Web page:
The majestic of zebra species struggling for survival in northern Kenya
f all the rare species that are found in northern Kenya, the Grevy’s zebra is easily the most striking. Known as punda kanga in Kiswahili, it is stunning with its thin stripes, white belly and elegant gait. Some people say that you cannot ‘unsee’ a Grevy’s zebra; the memory of it stays with you.
There are three sub-species of zebra: the most common plains (or Burchells), the mountain zebra, and the Grevy’s. Undoubtedly the best place to see the Grevy’s is on the Lewa and Borana conservancies in Kenya’s Laikipia region. At last count, this landscape is home to about 300 animals, approximately 11 per cent of the global population.
The Grevy’s zebra has suffered one of the most drastic declines in numbers and range on the continent. It is estimated that there were about 20,000 roaming the plains of northern Kenya in the 1970s, but hunting and poaching brought this number down to a desperate 2000.
Now, conservation measures across northern Kenya and beyond – from communities and government to private conservancies – are helping reverse this decline. As per the last national census, Kenya is now home to 2,300 Grevy’s zebras, close to 90% of the total world population, meaning that the survival of the species is inexorably linked to the success of the country’s conservation programmes.
On Lewa-Borana, efforts to protect the Grevy’s include monitoring of predator densities, promoting a healthy and secure habitat and ensuring the overall well-being and health of the population, including the foal survival.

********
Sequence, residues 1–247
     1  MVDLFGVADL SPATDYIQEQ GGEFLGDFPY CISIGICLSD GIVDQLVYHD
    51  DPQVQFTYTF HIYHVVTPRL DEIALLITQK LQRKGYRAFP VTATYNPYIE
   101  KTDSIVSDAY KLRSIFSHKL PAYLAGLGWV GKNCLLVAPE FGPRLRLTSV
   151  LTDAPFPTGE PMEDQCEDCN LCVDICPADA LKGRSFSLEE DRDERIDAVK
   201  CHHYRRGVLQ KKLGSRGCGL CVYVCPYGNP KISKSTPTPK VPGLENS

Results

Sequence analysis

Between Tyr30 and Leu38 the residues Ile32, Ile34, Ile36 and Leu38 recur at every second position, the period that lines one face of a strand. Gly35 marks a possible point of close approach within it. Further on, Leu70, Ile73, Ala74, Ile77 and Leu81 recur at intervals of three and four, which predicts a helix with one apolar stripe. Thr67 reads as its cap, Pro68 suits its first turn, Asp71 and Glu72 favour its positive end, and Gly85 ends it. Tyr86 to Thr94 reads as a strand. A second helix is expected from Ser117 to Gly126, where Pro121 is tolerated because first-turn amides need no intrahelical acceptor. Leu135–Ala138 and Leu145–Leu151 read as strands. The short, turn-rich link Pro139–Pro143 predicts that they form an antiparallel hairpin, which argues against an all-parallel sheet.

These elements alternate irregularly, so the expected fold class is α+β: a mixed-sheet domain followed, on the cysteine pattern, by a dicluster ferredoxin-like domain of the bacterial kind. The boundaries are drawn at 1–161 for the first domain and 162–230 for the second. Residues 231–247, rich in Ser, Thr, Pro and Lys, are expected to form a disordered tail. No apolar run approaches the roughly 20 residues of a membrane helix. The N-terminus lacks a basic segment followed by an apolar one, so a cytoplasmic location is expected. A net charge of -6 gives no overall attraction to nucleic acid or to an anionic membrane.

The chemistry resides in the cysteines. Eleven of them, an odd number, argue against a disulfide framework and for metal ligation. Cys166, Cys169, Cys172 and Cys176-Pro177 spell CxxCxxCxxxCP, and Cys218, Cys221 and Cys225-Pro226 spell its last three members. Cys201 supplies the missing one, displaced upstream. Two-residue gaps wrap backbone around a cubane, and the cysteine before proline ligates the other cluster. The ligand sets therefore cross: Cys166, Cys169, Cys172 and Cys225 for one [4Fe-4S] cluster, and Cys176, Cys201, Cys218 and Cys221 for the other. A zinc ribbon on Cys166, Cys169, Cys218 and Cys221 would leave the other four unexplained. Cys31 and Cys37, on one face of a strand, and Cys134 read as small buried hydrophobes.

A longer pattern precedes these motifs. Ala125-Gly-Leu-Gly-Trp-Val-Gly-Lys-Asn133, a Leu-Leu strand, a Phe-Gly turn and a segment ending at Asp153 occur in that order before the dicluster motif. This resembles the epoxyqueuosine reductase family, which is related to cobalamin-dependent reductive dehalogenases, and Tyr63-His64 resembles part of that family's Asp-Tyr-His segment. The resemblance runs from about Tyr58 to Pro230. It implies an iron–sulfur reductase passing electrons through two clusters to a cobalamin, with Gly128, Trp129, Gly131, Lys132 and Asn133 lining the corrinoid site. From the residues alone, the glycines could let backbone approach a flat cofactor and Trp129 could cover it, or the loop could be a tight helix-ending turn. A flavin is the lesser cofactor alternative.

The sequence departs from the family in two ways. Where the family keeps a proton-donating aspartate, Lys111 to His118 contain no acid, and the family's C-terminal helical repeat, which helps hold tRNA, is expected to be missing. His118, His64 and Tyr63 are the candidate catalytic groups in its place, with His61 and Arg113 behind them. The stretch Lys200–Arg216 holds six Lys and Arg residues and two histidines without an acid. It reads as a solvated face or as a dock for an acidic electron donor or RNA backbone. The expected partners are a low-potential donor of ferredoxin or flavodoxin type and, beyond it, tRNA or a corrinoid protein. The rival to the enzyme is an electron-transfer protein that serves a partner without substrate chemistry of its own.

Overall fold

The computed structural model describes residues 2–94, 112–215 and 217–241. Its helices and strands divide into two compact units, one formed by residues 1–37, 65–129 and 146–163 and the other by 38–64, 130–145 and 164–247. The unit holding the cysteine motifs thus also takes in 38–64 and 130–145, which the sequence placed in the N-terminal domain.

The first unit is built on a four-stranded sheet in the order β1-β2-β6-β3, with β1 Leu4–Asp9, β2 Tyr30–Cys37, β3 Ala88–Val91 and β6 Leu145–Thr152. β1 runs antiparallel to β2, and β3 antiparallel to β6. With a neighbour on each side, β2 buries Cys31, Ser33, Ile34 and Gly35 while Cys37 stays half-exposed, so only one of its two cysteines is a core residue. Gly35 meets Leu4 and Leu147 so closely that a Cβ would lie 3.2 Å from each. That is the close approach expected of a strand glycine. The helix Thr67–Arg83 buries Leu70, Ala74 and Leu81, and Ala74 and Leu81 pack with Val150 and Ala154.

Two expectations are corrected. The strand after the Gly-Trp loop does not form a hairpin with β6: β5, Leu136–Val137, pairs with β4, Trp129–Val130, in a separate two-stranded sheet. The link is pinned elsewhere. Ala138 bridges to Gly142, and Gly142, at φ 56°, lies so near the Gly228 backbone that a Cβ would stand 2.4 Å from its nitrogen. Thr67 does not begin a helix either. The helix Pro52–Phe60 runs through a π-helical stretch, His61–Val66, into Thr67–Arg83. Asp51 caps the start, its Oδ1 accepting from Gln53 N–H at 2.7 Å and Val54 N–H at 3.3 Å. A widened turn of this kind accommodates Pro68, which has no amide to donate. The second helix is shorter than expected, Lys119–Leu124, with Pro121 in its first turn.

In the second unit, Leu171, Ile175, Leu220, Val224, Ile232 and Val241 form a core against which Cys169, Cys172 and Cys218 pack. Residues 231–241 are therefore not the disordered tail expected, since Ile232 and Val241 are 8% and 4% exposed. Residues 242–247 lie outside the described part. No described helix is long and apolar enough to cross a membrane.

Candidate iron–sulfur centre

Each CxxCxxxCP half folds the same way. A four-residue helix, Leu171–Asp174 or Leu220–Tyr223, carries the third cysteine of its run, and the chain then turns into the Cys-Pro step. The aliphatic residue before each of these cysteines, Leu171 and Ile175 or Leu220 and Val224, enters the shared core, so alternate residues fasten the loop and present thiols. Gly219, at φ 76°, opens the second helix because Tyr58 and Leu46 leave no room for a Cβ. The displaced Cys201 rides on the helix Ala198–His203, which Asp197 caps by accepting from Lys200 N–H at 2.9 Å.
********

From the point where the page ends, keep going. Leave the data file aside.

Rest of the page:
“We recognise that our population is key to ensuring the re-emergence of the species in northern Kenya,” says Geoffrey Chege, Lewa’s Head of Conservation and Wildlife.
“Grevy’s zebras are important, environmentally and economically, for Lewa-Borana and Kenya alike. They perform environmental services in dry rangelands that ensure healthy grazing for both livestock and wildlife. They are part of Kenya’s tourism product, offering a unique wildlife sighting. They are an iconic emblem of peace in areas where communities look to them culturally as an indicator of health and prosperity,” he adds.
Know your Grevy’s from your Burchells:
- Grevy’s are the largest zebra species and grow to 275cm long, 160cm tall at the shoulder and weigh up to 450kg
- Grevy’s stallions are extremely territorial, defending some of the largest territories of any land herbivore
- Grevy’s are a northern speciality species, adapted to living and surviving north of the equator, and can survive for a few days without water
- Grevy’s have white bellies – their stripes don’t cut across their bodies.
For more, visit www.lewa.org
Mother and foal, above: Martin Buzora / Lewa Wildlife Conservancy
Herd at Lewa, below: Erico Hillier / Lewa Wildlife Conservancy